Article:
Saturday, December 02, 2006

Keynes and Planck

Found in the comments on Economist's View:

Professor Planck, of Berlin, the famous originator of the Quantum Theory, once remarked to me that in early life he had thought of studying economics, but had found it too difficult! Professor Planck could easily master the whole corpus of mathematical economics in a few days. He did not mean that! But the amalgam of logic and intuition and the wide knowledge of facts, most of which are not precise, which is required for economic interpretation in its highest form is, quite truly, overwhelmingly difficult for those whose gift mainly consists in the power to imagine and pursue to their furthest points the implications and prior conditions of comparatively simple facts which are known with a high degree of precision.(Keynes, Essays in Biography 1951 158n)

It's true: powerful mathematical minds are not necessarily comfortable with the messiness of the real world. This observation might be applied as well to string (or more formal or mathematical) theorists vs theorists who are more data- or intuition-driven (often called phenomenologists, in a terrible use of terminology). Of course, some people (like Feynman, although he wasn't very mathematical by today's standards) are good at everything...

"We know a lot more than we can prove" -- Feynman

7 comments:

A. Zee said...

3 cheers for Professor Planck! None of those arrogant remarks that theoretical physicists could do everything.

PS: Could Feynman have excelled in the more mathematical end of string theory (as in contrast to say the Polchinski end)?

steve said...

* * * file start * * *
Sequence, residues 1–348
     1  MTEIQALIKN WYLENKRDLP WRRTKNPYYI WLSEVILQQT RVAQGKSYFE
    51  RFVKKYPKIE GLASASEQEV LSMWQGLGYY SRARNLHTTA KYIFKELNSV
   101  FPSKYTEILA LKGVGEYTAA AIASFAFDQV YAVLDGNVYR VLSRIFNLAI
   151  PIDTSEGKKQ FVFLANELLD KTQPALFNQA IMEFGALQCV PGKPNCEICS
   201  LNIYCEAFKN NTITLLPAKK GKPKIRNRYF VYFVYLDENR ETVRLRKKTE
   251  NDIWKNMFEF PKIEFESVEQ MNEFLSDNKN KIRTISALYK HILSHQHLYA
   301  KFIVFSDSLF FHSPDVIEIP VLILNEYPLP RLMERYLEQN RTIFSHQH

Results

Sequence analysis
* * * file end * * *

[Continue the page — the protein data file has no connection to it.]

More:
I doubt Feynman would have had sufficient interest in the purely formal work to have excelled. He would have probably found other, more exciting problems to work on ;-)

Anonymous said...

Interesting. It reminds me of a comment I often heard back in my fac, which trained both economists and mathematicians: that lousy mathematicians can make good economists. At the time I thought the comment implied that economics was easier than math; now I wonder if some skills required for excelling at the first may actually prevent someone from excelling in the second. Alas, Nash and von Neumann seem to disprove the point.

steve said...

v.N. was probably a universal genius, and navigated the corridors of power in Washington, so probably also had the right kind of intuition and integrative intelligence to be a good economist. Nash, although he made an important contribution, doesn't seem the kind of guy you would want as chairman of the Federal Reserve. The anecdotes about his investing prowess are not positive :-)

Anonymous said...

http://www.geniusdenied.com/articles/Record.aspx?NavID=13_12&rid=11431
An article describing the verbally versus mathematically precocious cognitive profile.

Anonymous said...

http://web.mit.edu/krugman/www/culture.html
As Krugman famously puts it "This should sound familiar. More than 40 years ago, the scientist-turned-novelist C.P. Snow wrote his famous essay about the war between the "two cultures," between the essentially literary sensibility that we expect of a card-carrying intellectual and the scientific/mathematical outlook that is arguably the true glory of our civilization. That war goes on; and economics is on the front line. Or to be more precise, it is territory that the literati definitively lost to the nerds only about 30 years ago--and they want it back." There is plenty of room for the quantitative amongst us in the field of economics (to make a big impact).

A. Zee said...

It is trivially obvious that different areas require different set of talents: a great phenomenologist (I think of Sam Treiman for example) may not make a good string theorist, and vice versa. As Steve said, there is also the interest factor. By spending a year at the RIAS I am in fact, using myself as at test subject, experimenting with crossing over from the quantitative to the verbal.

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